On the first full day of winter, the sun was shining, the temp was mild, we spent a bit of time that morning, what else, chopping some leaves. Blooming in the garden were: our one rose bush, violas and pansies, a few yellow marigolds, the orange species zinnias, the two pots of impatiens, dill, purple chrysanthemums and a pot of white pentas. The marigolds have been remarkable; they reseeded themselves from a plant the year before, so I have collected some dry seed pods and will cast them out next spring and hope for more of this excellent variety, although I have very indifferent luck with growing things from seeds. The little orange zinna has never died back. Our back yard, what we call the garden, is sheltered by trees and fences, and what with the mild temps, it is still a haven for plants.
Lest it be thought that color is was rife throughout the garden, in actuality leaves are everywhere and many plants such as the dayliles are on their way back from winter rest.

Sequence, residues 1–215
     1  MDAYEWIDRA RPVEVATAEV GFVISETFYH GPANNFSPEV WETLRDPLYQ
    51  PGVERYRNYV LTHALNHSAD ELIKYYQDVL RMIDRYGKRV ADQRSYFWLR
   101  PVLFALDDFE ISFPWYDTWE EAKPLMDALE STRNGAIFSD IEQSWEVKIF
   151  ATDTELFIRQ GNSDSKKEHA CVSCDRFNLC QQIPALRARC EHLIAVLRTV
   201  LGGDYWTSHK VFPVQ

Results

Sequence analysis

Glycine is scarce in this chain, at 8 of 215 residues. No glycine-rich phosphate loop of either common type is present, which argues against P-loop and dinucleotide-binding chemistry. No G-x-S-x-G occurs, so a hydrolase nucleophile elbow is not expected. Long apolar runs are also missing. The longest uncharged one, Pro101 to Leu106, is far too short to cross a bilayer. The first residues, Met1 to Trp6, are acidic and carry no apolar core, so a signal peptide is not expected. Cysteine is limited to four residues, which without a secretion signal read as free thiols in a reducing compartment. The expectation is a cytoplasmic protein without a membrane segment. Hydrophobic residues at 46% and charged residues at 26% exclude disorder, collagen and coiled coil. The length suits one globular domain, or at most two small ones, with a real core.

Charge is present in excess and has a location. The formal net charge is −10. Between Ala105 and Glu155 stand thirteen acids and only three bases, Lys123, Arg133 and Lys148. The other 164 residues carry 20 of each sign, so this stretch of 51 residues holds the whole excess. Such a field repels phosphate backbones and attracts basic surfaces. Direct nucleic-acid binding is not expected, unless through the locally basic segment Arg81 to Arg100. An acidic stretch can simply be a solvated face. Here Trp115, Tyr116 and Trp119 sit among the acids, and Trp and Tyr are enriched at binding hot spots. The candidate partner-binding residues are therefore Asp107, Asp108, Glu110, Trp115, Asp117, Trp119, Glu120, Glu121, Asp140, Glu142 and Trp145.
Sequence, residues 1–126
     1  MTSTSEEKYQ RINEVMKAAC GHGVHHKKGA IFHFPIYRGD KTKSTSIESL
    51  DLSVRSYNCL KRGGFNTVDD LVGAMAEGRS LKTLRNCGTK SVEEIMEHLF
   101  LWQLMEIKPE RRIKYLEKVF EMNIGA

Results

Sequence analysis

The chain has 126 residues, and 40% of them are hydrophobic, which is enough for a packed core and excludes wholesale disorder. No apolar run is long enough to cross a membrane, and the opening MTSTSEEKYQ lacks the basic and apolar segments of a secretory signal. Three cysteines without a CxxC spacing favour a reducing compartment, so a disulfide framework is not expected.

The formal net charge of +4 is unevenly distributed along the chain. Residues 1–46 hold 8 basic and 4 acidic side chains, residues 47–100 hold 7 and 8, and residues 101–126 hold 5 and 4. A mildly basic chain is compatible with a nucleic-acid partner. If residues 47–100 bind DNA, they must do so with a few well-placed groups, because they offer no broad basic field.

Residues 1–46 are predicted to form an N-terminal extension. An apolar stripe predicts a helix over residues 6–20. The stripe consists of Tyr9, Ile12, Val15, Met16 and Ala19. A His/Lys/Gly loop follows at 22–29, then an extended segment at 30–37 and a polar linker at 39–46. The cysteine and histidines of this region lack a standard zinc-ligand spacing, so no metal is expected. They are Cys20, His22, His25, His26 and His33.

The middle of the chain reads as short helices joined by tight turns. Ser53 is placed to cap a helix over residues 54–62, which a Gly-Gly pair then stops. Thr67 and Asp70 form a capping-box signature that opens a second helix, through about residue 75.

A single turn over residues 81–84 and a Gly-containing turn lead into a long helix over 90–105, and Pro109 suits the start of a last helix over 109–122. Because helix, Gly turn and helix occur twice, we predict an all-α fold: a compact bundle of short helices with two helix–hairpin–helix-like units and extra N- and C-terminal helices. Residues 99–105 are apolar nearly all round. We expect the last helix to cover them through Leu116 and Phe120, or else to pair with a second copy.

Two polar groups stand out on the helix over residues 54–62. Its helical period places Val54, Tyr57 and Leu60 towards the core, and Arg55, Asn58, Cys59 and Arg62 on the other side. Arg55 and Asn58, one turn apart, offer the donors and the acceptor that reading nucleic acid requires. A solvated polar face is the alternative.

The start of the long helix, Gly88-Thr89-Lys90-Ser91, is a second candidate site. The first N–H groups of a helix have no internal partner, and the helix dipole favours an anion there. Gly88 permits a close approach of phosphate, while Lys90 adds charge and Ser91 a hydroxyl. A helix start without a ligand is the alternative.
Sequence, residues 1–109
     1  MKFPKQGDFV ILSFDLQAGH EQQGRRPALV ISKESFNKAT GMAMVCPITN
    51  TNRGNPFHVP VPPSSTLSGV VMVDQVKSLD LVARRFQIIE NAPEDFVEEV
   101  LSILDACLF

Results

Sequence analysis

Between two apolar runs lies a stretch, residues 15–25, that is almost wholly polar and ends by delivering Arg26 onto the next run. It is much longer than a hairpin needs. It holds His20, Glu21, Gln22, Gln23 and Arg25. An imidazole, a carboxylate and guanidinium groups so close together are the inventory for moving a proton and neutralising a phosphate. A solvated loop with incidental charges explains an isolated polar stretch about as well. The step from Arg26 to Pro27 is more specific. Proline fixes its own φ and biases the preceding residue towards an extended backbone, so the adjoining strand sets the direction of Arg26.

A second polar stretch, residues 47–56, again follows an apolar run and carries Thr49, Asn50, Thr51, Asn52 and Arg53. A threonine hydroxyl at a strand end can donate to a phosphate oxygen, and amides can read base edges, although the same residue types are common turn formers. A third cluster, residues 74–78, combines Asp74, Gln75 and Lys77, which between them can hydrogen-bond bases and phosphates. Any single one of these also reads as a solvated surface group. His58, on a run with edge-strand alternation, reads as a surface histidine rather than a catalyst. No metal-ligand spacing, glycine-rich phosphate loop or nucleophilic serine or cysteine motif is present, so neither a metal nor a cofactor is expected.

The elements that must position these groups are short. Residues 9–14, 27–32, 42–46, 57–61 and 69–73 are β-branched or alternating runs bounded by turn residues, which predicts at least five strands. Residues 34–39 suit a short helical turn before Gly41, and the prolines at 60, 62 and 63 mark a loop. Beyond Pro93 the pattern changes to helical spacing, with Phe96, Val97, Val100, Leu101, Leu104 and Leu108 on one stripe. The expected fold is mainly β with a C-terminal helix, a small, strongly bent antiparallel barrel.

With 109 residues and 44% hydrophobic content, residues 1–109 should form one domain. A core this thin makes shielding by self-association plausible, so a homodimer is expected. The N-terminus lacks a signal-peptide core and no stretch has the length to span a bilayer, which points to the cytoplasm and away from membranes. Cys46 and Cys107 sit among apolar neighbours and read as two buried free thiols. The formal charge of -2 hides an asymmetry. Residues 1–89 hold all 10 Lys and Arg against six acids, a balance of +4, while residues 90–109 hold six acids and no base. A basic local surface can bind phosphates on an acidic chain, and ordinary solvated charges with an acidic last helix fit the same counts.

Now, we still have several weeks before official winter ends but days are very mild. The flowering quince, which has bloomed all winter, is just amazing. So many daffodils and jonquils are up and obviously planning to bloom.
Every year I promise myself (and my husband) that we are done with planting bulbs, that there’s no more space, blah, blah, blah. And every year, I really mean that. But then a possibility occurs, I am left too long alone with a catalog, and, as I write this, I know that an order, a very small order, of only eleven bulbs is coming, five tuberoses, five crocosmias, and only one gladiola, but ah, what an exciting one.
There is no particular superiority about being a gardener, but there is this one virtue: we can have all sorts of failures and still believe in possibilities. Now if we gardeners could just unite and do something about world peace!